Films and television series are increasingly being created under a co-production model, making copyright co-ownership a common occurrence in the world of Hollywood content creation. So long as each co-owner’s rights are pre-negotiated and specifically delineated in their contracts, the co-owners can rest assured that their rights to the project and any potential derivative works are safe. Or can they?
In the modern entertainment landscape, where tentpole programming and related spinoffs and derivatives are the gold standard of content creation, the proper protection of co-owned copyrights is more important than ever. But tenuous financial outlooks pose a looming, existential threat to the future of copyright co-owners. Will their co-owners declare bankruptcy, and what does that mean for those highly negotiated rights? Is there anything that entertainment executives can do to protect their companies and their content?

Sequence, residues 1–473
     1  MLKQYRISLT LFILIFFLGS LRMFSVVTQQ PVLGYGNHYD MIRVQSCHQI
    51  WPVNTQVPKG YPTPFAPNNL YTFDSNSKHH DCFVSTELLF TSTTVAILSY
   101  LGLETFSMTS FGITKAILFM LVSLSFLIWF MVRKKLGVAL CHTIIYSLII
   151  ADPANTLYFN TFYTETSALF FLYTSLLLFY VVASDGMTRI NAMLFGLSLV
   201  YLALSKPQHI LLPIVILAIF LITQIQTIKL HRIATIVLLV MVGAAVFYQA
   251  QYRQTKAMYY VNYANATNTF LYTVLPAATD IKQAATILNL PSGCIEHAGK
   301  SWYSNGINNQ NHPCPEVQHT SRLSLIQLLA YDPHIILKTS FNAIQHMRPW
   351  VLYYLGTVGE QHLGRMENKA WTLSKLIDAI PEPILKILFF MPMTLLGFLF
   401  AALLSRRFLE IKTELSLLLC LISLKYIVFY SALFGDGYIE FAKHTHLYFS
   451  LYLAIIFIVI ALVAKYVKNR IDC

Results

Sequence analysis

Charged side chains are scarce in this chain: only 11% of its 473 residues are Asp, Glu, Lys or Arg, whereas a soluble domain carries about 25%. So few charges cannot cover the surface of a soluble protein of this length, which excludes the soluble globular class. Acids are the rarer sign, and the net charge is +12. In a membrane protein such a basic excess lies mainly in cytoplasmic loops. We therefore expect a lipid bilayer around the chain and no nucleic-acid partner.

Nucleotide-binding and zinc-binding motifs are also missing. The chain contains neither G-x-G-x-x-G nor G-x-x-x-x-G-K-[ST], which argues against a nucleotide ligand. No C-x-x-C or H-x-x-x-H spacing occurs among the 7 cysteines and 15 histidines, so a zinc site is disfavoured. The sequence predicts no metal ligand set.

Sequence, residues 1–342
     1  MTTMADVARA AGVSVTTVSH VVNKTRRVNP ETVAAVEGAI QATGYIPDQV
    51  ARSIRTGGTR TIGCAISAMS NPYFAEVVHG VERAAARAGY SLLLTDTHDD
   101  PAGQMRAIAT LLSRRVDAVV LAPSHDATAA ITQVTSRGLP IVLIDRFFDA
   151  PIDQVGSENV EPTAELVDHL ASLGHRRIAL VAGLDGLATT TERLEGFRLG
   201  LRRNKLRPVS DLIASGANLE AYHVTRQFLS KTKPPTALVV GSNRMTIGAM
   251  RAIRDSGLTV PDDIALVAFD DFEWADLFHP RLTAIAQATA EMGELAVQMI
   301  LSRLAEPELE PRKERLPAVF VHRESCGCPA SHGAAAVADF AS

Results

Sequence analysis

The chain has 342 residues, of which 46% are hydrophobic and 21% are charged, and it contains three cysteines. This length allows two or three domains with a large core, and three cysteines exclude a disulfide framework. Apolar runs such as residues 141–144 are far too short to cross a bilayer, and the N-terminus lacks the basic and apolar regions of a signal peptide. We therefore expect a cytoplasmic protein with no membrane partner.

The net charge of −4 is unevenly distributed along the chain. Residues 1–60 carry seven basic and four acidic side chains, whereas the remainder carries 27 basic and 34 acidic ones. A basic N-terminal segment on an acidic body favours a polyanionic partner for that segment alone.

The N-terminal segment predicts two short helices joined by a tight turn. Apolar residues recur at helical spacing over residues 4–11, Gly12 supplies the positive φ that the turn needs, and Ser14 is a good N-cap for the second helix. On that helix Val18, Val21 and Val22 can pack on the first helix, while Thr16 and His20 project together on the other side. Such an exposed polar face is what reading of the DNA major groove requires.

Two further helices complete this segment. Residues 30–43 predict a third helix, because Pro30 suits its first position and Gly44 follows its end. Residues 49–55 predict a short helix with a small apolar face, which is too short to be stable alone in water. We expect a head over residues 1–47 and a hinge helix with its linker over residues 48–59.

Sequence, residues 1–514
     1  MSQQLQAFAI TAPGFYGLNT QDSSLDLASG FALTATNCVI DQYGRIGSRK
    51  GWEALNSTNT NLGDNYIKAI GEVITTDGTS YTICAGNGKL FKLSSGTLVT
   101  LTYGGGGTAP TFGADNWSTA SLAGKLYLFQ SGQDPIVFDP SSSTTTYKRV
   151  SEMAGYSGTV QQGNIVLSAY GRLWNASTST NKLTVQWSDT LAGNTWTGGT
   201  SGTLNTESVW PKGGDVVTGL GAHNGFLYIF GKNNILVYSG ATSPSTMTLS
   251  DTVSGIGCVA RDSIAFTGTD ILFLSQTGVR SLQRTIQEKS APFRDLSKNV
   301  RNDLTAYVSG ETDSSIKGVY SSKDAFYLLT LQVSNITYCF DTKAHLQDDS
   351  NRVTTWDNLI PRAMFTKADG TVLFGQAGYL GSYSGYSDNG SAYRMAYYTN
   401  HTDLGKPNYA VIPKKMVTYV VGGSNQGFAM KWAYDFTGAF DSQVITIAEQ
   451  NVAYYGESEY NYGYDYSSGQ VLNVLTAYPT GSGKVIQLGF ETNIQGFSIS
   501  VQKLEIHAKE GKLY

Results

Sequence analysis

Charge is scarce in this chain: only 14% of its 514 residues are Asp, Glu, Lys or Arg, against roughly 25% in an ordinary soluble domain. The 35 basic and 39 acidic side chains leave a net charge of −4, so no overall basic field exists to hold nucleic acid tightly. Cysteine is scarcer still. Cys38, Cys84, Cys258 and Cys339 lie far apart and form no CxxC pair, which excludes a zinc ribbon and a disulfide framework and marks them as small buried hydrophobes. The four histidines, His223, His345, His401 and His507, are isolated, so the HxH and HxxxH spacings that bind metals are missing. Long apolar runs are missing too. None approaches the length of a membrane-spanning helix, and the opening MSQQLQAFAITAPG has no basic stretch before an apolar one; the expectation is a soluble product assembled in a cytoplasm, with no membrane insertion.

This article argues that security interests are common sense protections for copyright co-owners.